From drizzle to downpours, 'atmospheric rivers' are wreaking havoc on western Washington

SEATTLE-- Heavy winter rains continue to hammer western Washington. The culprit is a jet stream that's taking moisture from the tropics near Hawaii and sending it right into Western Washington.

While the rain has varied in intensity from drizzle to downpours, it just keeps on coming. These events are often called "atmospheric rivers," and since they're also coming from the tropics carrying warmer than normal temperatures you might also know them as being a Pineapple Express.

While larger cities right on Puget Sound like Seattle and Everett are getting impressive amounts of precipitation, it's the foothills and mountains that are catching the most intense amount of precipitation.

Wednesday, the National Weather Service office in Seattle at Sandpoint had more than two inches of rain. Paine Field near Everett had about an inch and a half. That's nothing though compared to the heavy rain that's been see in Monroe. The 48-hour rainfall total at the fairground there is more than 14 inches of rain. Darrington, in the Cascade foothills, has had 10 inches of rain in the last two days (as of this writing). And the rain keeps coming. 

That warm rain is not only rushing downstream, it's melting snow, too. The combined rain and snow melt has pushed more than a dozen rivers in Western Washington above their banks.

The NWS Seattle has categorized the flooding into three categories -- major, moderate, and minor -- though some of these bodies of water, even at moderate flooding levels, are getting into homes and businesses.

The good news is that the forecast is calling for the steady and heavier rain to ease up tonight. The Flood Watch for western Washington is currently set to expire Friday evening.

The Flood Warnings, which indicate that flooding is actively happening or imminent, will last for some rivers well into the weekend. Rivers in the mountains and foothills will likely crest within the next 12-24 hours. It will take time for that huge amount of water to work down to sea level, so some for some certain rivers in the lowlands it could be Sunday before they return to within their banks.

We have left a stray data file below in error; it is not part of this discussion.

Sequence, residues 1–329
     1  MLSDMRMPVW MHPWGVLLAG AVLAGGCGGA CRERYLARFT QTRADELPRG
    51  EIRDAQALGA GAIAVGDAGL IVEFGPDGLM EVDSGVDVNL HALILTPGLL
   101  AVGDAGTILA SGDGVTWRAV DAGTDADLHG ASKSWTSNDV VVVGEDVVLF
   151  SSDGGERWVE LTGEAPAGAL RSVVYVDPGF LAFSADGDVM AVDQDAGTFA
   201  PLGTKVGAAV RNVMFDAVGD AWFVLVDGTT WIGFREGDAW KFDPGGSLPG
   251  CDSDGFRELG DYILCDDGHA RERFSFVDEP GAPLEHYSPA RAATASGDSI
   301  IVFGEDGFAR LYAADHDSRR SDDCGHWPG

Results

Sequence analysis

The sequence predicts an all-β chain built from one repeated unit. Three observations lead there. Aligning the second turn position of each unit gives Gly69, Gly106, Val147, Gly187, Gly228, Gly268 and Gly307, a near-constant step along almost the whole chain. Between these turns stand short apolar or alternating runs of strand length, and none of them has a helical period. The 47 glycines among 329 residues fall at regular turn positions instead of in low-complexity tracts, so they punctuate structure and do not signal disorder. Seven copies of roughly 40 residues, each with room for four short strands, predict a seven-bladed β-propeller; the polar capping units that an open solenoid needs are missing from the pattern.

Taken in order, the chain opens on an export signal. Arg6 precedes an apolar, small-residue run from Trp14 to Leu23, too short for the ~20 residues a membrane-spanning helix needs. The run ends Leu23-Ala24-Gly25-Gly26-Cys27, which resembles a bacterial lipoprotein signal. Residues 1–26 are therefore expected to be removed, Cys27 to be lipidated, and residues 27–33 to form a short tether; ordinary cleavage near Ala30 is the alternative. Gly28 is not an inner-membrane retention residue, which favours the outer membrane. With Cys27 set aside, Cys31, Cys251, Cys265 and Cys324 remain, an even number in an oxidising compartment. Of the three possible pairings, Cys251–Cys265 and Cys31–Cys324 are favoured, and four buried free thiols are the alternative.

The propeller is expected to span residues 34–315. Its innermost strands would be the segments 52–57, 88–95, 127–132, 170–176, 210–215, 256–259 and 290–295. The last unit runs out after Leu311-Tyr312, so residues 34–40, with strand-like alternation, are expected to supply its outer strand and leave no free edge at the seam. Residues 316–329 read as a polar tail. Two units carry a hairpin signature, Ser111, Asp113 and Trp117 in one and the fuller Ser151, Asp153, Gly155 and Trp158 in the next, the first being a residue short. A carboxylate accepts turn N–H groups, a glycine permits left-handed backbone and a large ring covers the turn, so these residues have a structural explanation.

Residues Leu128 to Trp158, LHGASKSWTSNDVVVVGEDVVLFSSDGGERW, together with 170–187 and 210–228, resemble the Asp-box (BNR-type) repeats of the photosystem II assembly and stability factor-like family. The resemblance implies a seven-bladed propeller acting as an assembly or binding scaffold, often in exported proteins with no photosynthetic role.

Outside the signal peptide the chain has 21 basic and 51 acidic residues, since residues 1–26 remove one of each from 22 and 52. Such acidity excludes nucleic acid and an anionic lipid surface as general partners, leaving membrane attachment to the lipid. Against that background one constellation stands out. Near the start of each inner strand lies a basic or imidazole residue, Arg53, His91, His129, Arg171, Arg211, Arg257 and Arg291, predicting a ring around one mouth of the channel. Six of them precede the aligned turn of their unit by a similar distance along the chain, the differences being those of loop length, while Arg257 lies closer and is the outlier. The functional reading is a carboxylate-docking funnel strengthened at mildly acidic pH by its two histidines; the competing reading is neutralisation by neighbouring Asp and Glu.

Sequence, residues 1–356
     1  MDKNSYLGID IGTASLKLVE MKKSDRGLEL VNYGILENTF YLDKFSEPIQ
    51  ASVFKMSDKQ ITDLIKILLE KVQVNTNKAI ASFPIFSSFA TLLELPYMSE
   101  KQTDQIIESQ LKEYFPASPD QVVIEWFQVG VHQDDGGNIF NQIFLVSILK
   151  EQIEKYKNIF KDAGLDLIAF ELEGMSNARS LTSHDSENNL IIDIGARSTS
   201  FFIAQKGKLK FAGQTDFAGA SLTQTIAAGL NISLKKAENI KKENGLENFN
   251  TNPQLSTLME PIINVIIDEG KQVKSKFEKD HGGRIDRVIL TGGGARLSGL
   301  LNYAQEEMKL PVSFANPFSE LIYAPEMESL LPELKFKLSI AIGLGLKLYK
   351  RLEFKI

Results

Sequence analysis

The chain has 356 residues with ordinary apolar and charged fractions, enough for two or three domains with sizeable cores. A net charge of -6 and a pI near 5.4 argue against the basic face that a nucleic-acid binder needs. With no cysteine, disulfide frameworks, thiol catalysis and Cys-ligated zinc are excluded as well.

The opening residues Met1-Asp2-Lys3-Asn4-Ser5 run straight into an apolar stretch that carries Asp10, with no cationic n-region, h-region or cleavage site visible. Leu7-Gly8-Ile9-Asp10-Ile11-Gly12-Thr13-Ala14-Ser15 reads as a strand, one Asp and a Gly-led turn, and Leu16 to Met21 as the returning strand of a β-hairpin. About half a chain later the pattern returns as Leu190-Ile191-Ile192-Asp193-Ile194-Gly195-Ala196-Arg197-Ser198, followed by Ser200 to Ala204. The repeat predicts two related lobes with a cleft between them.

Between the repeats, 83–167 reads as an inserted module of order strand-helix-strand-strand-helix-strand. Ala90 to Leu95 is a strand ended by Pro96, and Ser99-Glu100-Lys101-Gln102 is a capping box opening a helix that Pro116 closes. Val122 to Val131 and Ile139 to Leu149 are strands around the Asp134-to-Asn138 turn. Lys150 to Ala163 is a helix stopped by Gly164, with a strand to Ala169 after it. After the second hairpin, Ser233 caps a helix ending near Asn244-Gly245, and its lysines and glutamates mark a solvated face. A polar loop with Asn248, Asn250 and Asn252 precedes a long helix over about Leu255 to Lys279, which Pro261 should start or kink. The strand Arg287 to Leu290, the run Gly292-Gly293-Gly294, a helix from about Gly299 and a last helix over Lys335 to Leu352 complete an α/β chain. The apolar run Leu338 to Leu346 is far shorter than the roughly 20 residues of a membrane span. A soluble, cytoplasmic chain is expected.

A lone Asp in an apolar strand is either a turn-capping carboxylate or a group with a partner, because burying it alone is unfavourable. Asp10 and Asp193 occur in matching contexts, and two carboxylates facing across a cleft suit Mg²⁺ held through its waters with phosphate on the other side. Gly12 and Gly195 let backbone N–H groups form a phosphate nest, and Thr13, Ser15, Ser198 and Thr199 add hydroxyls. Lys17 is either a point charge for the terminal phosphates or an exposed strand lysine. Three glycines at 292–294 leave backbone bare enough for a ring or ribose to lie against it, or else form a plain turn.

Caution is advised in these types of flooding events. Floodwater can move lots of debris and even rip up chunks of pavement if it's moving fast enough.

One of the reasons the phrase "turn around, don't drown" is used so often is because it only takes a few inches of water for a car to lose steering control and only about a half a foot to carry away some vehicles.

Walking into flood waters can also be dangerous: fast moving water can sweep a person off their feet without warning. Underwater tripping hazards can also get you to take a tumble and get really wet.

This water is also really cold, so hypothermia for those trying to escape floodwaters is a genuine concern. Most of the flooding related deaths in Washington State are from people who drive or venture into flooded waters. 

While some soaking rains Friday night into Saturday are in the forecast, they don't look at this point to take direct aim at the Central Puget Sound, which has seen the burnt of this storm's soggy wrath. By Saturday afternoon we'll start to dry out and even get two much-needed dry days in a row on Sunday and Monday.